September 30, 2022
  • September 30, 2022
  • Home
  • Sculptures
  • 350 sculptures invoke the first Africans reduced to slavery

350 sculptures invoke the first Africans reduced to slavery

By on July 4, 2021 0

SAN FRANCISCO – A recent Friday morning, Dana king crossed the Bay Bridge from his home in Oakland to San Francisco’s Golden Gate Park to check out “Monumental counting” 350 sculptures she created to represent the first Africans kidnapped and sold into slavery in 1619.

Steel sculptures with vinyl tubes surround the base of a plinth that once contained a statue of Francis Scott Key, the author of “The Star-Spangled Banner,” who owned slaves and was anti-abolitionist. On June 17, during a national debate on monuments following the murder of George Floyd by a police officer, people toppled the statue of Key. It was time for this to go, King said.

“It’s been there for over 140 years, resonating that same hate, that same energy,” she said. “So, I thought it was important to surround him.”

King’s work can be found right across the park’s music hall, which has just been redone. Ben Davis of Illuminate the Arts, who did the renovation, wanted to put the words “Lift Every Voice and Sing” (the name of what is called the black national anthem) above the lobby. He asked King, who is known for sculpting black bodies in bronze, if she wanted to make a statue of a champion of civil rights. James weldon johnson, the author of the song, and install it where the statue of the Key was. She said no.

Instead, she offered to cover the plinth with what she calls a “divinely feminine design.” But Ralph Remington, the director of cultural affairs for the San Francisco Arts Commission, which set up a committee to examine the city’s monuments, said he didn’t want to do anything at the plinth until the committee has met. Thus, King proposed the current installation. Now, she says, she has 350 female energy statues, all of them subtly distinct – for example, the braids atop the statues were made by friends and buddies of friends who showed up to help.

Dana King, “Monumental Reckoning” at Golden Gate Park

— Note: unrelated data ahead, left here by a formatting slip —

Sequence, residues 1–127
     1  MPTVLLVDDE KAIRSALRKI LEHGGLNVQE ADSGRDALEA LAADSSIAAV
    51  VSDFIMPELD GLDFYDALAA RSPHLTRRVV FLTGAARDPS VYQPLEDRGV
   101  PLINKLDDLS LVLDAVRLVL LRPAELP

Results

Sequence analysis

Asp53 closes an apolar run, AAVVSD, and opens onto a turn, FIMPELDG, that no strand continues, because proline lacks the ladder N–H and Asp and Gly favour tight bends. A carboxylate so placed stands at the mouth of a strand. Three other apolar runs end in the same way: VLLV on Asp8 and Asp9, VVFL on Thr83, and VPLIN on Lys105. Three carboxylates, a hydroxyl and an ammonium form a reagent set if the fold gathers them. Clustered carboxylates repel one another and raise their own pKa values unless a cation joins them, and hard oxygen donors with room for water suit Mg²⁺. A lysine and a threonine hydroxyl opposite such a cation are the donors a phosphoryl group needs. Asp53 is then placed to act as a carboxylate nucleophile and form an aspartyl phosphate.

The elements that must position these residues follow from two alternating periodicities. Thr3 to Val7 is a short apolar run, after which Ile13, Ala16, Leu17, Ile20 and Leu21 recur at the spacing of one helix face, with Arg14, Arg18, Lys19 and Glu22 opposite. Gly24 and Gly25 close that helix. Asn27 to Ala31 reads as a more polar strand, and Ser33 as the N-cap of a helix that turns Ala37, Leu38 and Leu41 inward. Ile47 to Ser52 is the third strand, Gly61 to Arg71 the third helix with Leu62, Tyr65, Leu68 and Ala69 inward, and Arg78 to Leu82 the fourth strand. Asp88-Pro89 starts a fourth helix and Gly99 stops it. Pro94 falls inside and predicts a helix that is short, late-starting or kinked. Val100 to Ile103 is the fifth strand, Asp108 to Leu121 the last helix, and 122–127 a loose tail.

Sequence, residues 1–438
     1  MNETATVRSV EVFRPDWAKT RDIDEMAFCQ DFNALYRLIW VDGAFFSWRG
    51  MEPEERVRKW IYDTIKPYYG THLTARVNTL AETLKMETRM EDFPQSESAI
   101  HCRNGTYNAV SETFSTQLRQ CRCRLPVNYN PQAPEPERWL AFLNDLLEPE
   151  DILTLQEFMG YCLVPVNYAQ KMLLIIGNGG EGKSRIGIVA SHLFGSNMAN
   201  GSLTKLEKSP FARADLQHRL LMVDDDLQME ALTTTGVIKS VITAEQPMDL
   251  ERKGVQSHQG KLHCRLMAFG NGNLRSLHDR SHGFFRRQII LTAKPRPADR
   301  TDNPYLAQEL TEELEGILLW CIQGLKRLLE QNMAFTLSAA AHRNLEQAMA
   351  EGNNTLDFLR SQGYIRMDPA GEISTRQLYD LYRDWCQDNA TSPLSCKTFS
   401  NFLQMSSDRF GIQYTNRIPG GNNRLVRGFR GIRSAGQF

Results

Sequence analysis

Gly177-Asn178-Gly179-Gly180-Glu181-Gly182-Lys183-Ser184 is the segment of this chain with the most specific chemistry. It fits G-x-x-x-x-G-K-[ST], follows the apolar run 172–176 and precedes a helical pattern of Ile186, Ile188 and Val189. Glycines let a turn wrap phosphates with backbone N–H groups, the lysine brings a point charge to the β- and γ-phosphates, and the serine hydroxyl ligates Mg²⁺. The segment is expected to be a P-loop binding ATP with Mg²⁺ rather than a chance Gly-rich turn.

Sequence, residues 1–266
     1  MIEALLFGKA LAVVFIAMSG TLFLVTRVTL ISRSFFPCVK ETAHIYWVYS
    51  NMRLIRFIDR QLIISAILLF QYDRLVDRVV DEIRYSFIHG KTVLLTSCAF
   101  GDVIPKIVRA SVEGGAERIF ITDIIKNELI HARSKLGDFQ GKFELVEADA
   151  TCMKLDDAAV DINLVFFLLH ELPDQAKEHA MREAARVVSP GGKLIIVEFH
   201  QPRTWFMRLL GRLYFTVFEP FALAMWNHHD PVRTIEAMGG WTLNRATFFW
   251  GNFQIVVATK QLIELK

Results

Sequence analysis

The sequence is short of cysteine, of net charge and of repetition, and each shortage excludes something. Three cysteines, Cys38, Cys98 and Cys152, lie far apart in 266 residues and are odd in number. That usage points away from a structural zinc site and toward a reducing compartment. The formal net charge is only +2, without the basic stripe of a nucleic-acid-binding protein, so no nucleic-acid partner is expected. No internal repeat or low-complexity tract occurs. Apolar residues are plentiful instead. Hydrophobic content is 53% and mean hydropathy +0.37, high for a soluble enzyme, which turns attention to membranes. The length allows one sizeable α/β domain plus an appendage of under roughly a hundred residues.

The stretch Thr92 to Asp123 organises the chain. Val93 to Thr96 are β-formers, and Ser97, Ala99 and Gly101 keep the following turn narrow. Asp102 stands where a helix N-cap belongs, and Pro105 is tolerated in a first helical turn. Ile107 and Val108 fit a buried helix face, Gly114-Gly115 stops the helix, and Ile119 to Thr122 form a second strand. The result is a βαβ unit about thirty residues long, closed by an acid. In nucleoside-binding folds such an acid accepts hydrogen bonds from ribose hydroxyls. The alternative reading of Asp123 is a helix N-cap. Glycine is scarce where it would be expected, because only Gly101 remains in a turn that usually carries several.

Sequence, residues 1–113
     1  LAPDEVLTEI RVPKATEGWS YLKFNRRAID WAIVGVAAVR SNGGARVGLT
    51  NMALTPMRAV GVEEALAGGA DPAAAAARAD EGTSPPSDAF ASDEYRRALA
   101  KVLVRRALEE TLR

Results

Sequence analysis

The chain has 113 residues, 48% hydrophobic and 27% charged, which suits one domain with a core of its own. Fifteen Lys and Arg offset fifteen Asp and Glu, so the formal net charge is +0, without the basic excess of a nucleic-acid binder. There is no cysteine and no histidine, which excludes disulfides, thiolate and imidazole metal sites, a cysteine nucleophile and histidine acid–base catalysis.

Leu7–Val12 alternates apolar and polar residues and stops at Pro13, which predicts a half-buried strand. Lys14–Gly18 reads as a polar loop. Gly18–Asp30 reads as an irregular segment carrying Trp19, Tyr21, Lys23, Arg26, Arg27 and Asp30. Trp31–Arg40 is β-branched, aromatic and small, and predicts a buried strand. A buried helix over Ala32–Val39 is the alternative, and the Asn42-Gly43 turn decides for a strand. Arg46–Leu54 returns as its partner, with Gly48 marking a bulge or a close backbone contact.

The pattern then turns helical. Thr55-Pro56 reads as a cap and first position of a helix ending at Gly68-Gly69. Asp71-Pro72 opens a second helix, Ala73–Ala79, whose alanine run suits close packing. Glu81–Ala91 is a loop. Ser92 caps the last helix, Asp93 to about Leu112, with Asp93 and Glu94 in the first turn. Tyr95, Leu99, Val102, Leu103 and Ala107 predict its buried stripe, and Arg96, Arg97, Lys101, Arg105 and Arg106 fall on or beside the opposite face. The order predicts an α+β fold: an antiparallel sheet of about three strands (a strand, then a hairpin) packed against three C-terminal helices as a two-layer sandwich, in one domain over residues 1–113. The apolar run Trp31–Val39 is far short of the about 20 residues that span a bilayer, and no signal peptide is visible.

“Everyone braided like they grew up braiding,” she said. “The cowards are mine. Some are triple braided. This is great – there are 350 of them and while there is some consistency, if you look closely they are all different.

Remington first saw the statues in King’s studio before they were unveiled at an event on June 17 this year, and he joined in the braiding, so he jokes that he has “minimal in-game skin”. He believes this iteration is even more powerful than what King originally offered.

“It’s a punch in the guts,” he said. “When you see it, you can’t help but shiver and you can’t help but feel the immensity of the act of the transatlantic slave trade. It leaves you speechless. “

Dana King at the unveiling of “Monumental Reckoning” at Golden Gate Park

Many viewers seem to agree. As King talked about her job, adjusting the flowers in the unveiling braids, several people recognized her (King was a news anchor at the local CBS station) and supplemented her on her work, calling her “hitting” , “moving” and “powerful”.

King says she is grateful for the city’s support and for the change in the way people think about memorials and public art.

“I have the impression that the monuments which exist and which were created to intimidate and hurt people, they must disappear,” she said. “They only tell part of the story, and it’s about representation in public space. It is vital. It is vital for every culture to be seen.

Weems’ essay is taken from Ways of hearing: reflections on music in 26 pieces.

Freelance writer Rona Akbari has teamed up with artist Aishwarya Srivastava to raise funds for the sale of prints to support Afghan nationals facing disease and famine.

Three art historians re-emphasize Kahlo’s artistic production.